Baking Soda Paste
A baking soda paste can help you to heal your burn more quickly. All you have to do is mix some warm water into a cup with a hefty portion of baking soda so that is has a consistency much like a paste. Once is soft enough to rub onto your burn, gently spread the baking soda paste over the burned area of skin. This will help you to alleviate some pain, and allow the body to heal a little more quickly.
Organic Aloe Gel
If you can, pick up some organic aloe gel. This marvelous gel will help to both sooth and heal your skin. It is great for bringing down the inflammation that is caused by burns and will put your skin on the right path to healing.
With this remedy, all you have to do is put some uncooked oatmeal in the bath. If you don’t want the oatmeal freely floating around in the water then you can place the oatmeal into a sock to make it like a large teabag, but you don’t want the water to be too warm or too cold.
It should be water that is about temperature of a bath that has gone cold. One the oatmeal has soaked for about 30 minutes, get into the water.
When to See a Doctor For a Sunburn
For most people, a sunburn is a minor inconvenience that they will treat with remedies found in the home that are kept in a medicine cabinet, or the refrigerator. A good amount of the time, it’s a simple case of resting indoors and rubbing on some aloe, but how do you know when you should seek actual medical attention? Skin burns can be a serious issue, because the sensitive tissues can become inflamed and infected when they are damaged in this way.
When It’s Not Too Bad
Sunburns are super common, so there are a lot of ways that you can treat these burns. The most notable way that you can treat burns is with aloe vera which helps the healing process. You don’t want to apply ice to a burn, which can irritate a fresh burn and make the healing process a more painful and annoying experience.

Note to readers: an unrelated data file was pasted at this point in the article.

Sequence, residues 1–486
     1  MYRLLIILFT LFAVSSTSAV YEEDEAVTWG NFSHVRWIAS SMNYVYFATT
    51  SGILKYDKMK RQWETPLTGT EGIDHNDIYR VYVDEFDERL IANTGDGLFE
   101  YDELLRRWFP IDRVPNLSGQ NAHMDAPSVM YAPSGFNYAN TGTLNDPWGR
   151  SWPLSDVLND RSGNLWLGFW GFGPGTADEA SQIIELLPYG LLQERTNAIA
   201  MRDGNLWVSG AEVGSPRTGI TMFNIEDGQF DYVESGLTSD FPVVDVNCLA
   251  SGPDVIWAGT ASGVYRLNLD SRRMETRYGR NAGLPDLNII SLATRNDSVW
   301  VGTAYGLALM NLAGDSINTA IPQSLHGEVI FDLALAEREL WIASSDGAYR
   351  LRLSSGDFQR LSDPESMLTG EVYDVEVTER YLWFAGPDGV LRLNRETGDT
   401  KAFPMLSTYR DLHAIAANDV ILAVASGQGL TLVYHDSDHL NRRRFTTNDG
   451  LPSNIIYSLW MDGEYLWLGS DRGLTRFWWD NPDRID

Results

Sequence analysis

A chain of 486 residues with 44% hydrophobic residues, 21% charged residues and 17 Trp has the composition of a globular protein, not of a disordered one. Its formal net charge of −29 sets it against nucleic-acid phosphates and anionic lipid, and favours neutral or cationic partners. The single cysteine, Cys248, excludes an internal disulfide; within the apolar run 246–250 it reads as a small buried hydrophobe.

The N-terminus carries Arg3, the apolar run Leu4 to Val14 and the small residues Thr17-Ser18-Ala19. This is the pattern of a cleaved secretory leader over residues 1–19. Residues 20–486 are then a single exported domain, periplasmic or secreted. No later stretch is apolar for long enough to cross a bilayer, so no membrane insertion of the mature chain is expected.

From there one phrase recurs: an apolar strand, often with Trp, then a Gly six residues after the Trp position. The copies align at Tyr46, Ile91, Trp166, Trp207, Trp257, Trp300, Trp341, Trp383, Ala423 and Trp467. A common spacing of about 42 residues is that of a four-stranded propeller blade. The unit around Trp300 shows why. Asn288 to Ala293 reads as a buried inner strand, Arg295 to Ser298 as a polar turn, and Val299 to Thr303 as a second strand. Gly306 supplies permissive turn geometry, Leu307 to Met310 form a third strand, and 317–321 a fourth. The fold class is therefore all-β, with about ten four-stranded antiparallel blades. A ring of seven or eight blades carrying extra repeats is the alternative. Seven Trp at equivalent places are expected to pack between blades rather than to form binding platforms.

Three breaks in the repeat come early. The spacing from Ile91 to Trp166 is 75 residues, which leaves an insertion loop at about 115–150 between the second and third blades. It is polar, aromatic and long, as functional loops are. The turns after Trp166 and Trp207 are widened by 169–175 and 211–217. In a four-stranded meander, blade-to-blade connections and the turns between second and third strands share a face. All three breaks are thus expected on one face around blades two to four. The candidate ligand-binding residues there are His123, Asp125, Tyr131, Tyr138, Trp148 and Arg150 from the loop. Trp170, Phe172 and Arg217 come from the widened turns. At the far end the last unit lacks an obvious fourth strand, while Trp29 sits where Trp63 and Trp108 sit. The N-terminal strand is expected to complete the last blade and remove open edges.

Instead simply run cool water over the burn to reduce the temperature and stop the damage from progressing any further. You can take aspirin or any other acetaminophen product to reduce pain, or try an alternative source of pain relief like CBD oil. This could also help to reduce inflammation.
When You Should Keep Watch
The normal redness that forms in the sunburned area can be expected, but when any more than that can be an indication that you have received a severe burn that has penetrated into the deeper levels of your skin. One major sign of this is when you develop blisters in the burnt area. As soon as you see this symptom.
It is time to get out of the sun and get to treating the area. It would also be a good idea to begin hydration to counteract the skin damage. It may take a full day to see how much damage has been done, so it will warrant close monitoring.
When You Should See a Doctor
When you have experienced not only the redness, but also blisters it can be cause for concern, but anything past those symptoms should move you to seek medical help immediately with urgency. Some of the other factors that can occur could be vomiting, nausea, or disorientation of any kind.
Ignoring these symptoms can be very dangerous and can ever be signs of other more serious conditions like sunstroke. Being aware and knowing what to look for can help you to save a life.
If you have an infant or young child with a burn of any degree, you should bring them to a doctor for proper treatment.